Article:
I'm incredibly pleased to bring you this interview with Kevin Archbold, a 25-year veteran in project management and a 13-year consultant and teacher of the specialty. This opens the door to people who have excellent skills to better managing their projects and getting better communication going. This one is dense, but work through it carefully because it's a life-changing skill and Archbold is a master at this topic.
You might also be interested in his GiveGetWin deal, "Real-Time Live-Fire Project Management Training With Kevin Archbold" where you'll bring two sentences describing a project you want to the 5-person class, and leave with a project charter filled out.
Better Project Planning Means Less Project Failure by Kevin Archbold, as told to Sebastian Marshall
My background is project management. Most people have a career in a technical field first and then move into project management, but I went directly into PM after University in England. I found it was a good fit for me and stuck with it ever since.
I've got a CompSci degree, but no one's ever paid me to program anything. I started in the telecommunications industry, and then moved through many other industries: 10 years around Detroit, working on a lot of automotive and time at a nuclear power plant. I've worked on internet startups and biotech in Seattle, spent time with the City Government in Seattle, and have been in Tucson for seven years now -- doing mining-related projects and astronomy related projects… a whole gamut of things. I do not provide technical expertise; I bring fundamental project management.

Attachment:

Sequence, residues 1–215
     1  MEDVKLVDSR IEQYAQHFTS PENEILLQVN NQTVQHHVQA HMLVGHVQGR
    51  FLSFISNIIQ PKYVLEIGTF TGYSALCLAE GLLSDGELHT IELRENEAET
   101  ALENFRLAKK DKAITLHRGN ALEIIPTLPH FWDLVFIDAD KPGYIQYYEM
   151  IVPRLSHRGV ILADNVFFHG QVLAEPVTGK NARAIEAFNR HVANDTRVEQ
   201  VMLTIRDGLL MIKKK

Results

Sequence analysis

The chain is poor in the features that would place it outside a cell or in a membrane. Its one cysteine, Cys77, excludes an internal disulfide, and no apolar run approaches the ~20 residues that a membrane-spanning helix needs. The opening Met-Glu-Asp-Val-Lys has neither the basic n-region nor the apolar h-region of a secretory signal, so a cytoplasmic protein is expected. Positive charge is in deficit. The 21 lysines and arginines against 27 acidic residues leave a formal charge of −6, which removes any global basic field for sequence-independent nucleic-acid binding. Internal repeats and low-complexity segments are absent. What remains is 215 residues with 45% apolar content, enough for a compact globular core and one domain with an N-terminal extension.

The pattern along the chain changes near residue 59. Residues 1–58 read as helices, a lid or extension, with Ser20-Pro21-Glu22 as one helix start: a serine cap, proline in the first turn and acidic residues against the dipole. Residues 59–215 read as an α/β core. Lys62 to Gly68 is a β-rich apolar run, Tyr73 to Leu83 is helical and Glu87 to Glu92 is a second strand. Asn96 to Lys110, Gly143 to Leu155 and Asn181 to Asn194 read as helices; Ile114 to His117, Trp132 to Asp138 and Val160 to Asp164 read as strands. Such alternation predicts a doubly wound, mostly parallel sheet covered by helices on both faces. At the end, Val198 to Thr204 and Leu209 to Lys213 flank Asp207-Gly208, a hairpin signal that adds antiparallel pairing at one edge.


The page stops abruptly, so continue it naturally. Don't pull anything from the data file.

INTERNAL SCORECARD #17: Operations and Organization
I write up these "Internal Scorecards" to look at production, productivity, habits. Some people like this, because you see the implications of long-term decisions unfolding in a real-world context. I like it because it gives me an accountability mechanism as well.
This one is a two-weeks-long edition. I've been too busy doing stuff to report on the stuff I'm doing! It covers 22 September to 5 October.
THE RIGHT AMOUNT OF ORGANIZATION
It's very easy to geek out on organization and productivity techniques at the expense of doing actual work. You probably don't want to do that.